Tuesday, March 29, 2011

Gun Control Part 2

In my last post I examined Gun Control more on the wording of the 2nd Amendment and the differing interpretations of that right.  This time around, I'd like to focus on the wisdom of banning weapons.  While I do support gun rights and am therefore biased, I fail to see the justification for the banning of weapons.  From what I've witnessed, the only legitimate case for banning is generally made on the basis that it would have the potential to decrease violent acts in the country.  However, statistics I've examined have not demonstrated any real correlation of gun control with lower rates of crime.  I would accept the fact that gun control would reduce the ease in which people would commit crimes, and in the sense that may reduce crimes in particular cases.  However doing so may cause different crimes in different cases.  To be honest, statistics can easily be provided that make a case for either gun control or gun rights, so I feel it's not safe to provide any of those for this discussion.

So if the case for gun control on the basis of realist grounds remains limited, let's examine the case made by gun rights advocates.  From what I generally hear in the news, the US should protect gun rights because:

  • It needs protection from the government
  • It needs protection from others
  • It's their civil right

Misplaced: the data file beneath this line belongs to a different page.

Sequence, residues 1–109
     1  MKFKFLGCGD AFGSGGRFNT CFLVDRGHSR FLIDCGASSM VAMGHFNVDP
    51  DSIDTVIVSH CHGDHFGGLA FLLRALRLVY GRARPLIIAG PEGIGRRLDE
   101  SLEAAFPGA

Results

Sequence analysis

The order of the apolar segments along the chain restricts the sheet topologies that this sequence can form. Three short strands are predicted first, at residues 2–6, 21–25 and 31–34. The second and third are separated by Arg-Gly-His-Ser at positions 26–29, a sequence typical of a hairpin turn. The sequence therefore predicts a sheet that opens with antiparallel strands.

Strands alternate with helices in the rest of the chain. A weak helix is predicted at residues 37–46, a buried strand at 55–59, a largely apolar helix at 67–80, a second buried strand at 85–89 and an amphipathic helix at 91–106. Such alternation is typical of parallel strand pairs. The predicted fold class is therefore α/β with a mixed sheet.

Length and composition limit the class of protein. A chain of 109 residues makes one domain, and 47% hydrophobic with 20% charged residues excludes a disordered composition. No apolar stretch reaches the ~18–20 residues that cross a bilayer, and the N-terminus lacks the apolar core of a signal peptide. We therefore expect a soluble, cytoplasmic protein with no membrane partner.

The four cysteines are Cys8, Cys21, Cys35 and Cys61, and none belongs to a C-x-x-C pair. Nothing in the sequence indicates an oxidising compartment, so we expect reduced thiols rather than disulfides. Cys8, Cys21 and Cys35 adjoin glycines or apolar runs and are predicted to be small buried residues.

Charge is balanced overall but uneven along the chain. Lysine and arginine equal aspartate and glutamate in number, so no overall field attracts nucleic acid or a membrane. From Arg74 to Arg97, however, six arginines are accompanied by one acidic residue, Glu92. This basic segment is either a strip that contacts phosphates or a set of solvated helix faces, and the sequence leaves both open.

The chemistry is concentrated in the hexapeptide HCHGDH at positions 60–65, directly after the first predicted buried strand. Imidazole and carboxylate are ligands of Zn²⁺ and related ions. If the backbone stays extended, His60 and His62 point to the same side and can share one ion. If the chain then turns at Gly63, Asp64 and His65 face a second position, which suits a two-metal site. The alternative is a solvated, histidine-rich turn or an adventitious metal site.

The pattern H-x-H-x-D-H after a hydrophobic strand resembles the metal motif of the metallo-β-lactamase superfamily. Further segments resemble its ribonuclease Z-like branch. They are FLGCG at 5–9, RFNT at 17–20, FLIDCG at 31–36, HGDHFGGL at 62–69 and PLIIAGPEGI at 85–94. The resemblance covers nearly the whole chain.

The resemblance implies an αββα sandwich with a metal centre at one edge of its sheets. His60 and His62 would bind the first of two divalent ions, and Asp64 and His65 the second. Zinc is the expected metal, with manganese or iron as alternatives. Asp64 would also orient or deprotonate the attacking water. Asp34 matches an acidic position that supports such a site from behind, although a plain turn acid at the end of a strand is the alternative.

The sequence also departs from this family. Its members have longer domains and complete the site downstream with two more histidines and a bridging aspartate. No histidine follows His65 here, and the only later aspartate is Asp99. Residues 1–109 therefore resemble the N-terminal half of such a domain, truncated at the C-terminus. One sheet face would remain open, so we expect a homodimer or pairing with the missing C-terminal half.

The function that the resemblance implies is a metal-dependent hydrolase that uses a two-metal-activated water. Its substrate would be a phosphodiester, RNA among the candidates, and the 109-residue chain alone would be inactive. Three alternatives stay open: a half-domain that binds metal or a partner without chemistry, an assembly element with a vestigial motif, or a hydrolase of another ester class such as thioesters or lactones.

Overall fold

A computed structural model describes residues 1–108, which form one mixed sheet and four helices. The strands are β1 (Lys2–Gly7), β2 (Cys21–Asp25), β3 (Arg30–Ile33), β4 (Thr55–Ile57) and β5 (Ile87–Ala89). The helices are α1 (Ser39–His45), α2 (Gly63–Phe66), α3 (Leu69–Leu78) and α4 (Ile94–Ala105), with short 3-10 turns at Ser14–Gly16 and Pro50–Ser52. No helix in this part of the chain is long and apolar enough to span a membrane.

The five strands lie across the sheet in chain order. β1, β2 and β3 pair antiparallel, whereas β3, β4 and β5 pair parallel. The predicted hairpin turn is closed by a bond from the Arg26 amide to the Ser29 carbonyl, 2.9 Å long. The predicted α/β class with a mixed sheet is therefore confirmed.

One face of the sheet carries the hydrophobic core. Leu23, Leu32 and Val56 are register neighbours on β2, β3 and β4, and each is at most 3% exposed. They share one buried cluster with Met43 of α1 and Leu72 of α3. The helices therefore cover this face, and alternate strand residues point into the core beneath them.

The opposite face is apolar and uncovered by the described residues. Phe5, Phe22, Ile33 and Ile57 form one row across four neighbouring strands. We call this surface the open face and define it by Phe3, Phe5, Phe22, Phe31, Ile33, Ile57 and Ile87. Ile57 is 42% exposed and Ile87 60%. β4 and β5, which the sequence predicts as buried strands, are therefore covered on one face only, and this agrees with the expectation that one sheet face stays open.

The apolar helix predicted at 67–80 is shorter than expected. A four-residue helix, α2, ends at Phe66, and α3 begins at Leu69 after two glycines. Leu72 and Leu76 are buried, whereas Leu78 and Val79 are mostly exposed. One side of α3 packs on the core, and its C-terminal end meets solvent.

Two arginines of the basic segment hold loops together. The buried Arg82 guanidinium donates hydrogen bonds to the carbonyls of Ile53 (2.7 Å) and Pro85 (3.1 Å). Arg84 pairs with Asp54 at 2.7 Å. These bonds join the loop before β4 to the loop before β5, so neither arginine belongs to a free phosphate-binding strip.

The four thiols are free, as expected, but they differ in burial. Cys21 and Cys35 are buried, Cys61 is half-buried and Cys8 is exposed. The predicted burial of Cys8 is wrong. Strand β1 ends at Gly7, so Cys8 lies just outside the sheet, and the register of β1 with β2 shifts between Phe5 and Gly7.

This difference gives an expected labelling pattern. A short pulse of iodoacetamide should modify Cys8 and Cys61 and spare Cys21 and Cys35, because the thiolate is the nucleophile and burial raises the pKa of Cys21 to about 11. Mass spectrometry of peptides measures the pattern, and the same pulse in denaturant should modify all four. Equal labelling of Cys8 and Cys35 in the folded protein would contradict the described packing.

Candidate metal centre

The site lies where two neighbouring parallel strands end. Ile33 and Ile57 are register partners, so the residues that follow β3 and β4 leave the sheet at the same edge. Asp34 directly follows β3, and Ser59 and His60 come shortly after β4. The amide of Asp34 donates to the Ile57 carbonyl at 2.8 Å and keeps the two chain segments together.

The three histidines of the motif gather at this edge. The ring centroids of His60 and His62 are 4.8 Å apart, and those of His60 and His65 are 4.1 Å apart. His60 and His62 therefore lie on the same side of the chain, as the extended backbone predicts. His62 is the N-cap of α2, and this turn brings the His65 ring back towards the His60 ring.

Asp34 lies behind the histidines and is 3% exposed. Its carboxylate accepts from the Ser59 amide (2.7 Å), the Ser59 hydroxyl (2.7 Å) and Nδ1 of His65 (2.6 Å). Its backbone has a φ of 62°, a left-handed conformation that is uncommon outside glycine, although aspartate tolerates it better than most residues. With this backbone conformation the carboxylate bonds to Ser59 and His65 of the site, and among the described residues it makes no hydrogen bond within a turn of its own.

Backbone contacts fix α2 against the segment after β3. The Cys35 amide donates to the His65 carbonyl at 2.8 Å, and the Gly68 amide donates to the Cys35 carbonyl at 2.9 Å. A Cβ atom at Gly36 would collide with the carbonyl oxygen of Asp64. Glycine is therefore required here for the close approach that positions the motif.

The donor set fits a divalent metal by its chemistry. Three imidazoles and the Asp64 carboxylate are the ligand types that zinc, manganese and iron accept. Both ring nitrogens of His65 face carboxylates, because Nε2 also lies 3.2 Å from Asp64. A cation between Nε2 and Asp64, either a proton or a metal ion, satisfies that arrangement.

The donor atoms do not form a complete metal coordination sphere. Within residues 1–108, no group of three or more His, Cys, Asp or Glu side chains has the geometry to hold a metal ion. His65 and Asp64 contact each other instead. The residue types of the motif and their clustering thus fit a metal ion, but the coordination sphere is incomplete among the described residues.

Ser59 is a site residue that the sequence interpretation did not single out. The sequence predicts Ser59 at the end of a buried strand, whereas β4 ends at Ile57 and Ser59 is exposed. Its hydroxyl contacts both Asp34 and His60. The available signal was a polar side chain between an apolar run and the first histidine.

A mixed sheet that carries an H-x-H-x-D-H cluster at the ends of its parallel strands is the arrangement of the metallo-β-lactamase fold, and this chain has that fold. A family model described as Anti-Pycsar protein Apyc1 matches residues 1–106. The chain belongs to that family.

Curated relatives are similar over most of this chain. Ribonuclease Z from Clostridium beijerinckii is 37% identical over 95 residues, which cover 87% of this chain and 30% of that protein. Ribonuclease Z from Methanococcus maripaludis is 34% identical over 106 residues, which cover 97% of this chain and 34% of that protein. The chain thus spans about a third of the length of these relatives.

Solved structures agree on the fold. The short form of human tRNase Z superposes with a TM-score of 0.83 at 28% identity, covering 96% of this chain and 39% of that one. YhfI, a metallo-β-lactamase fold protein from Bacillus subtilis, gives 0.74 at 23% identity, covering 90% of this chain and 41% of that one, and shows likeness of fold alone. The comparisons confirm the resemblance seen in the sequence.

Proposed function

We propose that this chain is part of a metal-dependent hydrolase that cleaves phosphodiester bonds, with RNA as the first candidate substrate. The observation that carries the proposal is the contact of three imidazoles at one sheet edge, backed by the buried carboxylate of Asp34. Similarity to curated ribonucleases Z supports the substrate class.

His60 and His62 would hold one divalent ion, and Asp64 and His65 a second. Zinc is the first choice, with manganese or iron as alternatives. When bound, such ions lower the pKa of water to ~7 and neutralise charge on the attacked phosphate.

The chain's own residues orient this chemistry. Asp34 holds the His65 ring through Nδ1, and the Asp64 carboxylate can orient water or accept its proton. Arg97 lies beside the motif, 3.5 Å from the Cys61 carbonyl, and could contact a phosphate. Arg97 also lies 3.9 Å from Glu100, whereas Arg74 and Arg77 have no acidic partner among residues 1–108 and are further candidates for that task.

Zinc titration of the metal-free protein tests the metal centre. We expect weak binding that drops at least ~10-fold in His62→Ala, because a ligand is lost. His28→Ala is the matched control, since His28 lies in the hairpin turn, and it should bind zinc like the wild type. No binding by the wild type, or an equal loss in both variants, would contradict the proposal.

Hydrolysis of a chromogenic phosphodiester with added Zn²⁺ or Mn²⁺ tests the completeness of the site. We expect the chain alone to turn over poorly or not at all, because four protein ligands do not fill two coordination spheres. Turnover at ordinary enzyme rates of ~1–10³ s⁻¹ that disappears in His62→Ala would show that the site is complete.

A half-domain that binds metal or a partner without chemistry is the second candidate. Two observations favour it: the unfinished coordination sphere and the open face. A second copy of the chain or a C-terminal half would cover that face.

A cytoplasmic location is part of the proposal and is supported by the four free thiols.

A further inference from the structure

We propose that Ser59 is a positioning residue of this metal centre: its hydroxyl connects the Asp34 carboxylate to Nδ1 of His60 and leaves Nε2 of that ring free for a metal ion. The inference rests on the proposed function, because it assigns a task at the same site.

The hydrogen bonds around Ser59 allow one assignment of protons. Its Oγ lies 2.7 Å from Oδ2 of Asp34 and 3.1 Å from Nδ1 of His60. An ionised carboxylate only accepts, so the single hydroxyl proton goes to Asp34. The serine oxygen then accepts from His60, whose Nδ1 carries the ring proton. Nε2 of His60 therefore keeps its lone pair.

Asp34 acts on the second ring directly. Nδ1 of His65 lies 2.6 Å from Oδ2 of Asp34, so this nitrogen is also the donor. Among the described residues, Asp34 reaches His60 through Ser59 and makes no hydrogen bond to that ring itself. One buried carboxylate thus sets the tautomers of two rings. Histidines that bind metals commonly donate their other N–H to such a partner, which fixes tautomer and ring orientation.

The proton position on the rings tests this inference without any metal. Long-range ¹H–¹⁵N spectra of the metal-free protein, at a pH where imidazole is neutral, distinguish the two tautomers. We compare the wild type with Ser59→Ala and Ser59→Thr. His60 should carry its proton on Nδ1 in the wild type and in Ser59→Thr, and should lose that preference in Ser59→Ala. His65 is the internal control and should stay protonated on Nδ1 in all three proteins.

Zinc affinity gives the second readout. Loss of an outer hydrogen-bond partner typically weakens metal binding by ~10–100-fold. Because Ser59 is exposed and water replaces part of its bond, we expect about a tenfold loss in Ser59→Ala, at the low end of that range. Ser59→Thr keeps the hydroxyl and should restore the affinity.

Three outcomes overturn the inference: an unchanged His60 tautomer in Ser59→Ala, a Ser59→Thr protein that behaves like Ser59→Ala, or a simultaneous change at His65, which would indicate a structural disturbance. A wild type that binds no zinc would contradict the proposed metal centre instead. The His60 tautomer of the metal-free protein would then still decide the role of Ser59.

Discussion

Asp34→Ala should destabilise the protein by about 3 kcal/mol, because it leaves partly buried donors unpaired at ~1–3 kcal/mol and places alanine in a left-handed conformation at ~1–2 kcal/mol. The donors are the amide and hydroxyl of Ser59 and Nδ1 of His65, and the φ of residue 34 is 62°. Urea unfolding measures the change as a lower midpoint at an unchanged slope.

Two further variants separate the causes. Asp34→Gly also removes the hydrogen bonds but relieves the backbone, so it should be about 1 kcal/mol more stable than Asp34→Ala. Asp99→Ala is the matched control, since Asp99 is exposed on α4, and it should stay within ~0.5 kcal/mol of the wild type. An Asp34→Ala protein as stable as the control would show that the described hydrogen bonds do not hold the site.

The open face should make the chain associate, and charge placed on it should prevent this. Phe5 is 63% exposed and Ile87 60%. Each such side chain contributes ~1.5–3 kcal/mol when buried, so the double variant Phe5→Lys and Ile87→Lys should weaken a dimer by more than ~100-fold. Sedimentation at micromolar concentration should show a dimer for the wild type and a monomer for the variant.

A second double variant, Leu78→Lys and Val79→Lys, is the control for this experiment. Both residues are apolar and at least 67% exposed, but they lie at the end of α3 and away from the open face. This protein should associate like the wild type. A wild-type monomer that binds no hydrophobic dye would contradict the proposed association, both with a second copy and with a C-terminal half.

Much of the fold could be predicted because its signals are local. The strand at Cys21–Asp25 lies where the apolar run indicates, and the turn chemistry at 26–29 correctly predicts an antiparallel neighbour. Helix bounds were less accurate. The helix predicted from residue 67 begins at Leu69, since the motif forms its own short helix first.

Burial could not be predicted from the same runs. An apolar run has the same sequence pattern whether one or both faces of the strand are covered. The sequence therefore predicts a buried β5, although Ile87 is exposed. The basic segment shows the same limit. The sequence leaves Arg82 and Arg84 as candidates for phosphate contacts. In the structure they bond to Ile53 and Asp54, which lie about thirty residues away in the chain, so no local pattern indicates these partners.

• It's their civic duty
  • It'd leave it in the hands of only criminals
I'm sure there are more cases out there, but these are the basics I'm familiar with.  Let's unpack each other these statements.

Protection from the Government:
The case is often made that citizens needs to maintain their arms in order to be an additional check on the government.  That if a government becomes too powerful or interferes with the rights of a citizen, then they would have the means to defend themselves from that government.  Since the Bill of Rights seems to be concerned with limiting the government's control of the people, I find this case particularly interesting.  As a studier of history, it seems that governments that have the power to do something will attempt to do so if the costs aren't too great.  In authoritarian regimes, this could mean oppressing the people enough that they fall back in line, but not so much that they engage in rebellion and have the means to be successful.  The government's situation would thus be improved by limiting the ownership of firearms within the country, and if you look at examples like Hitler's Germany and Stalin's Soviet Union, the government was able to dominate certain aspects of society because they had no means to fight back.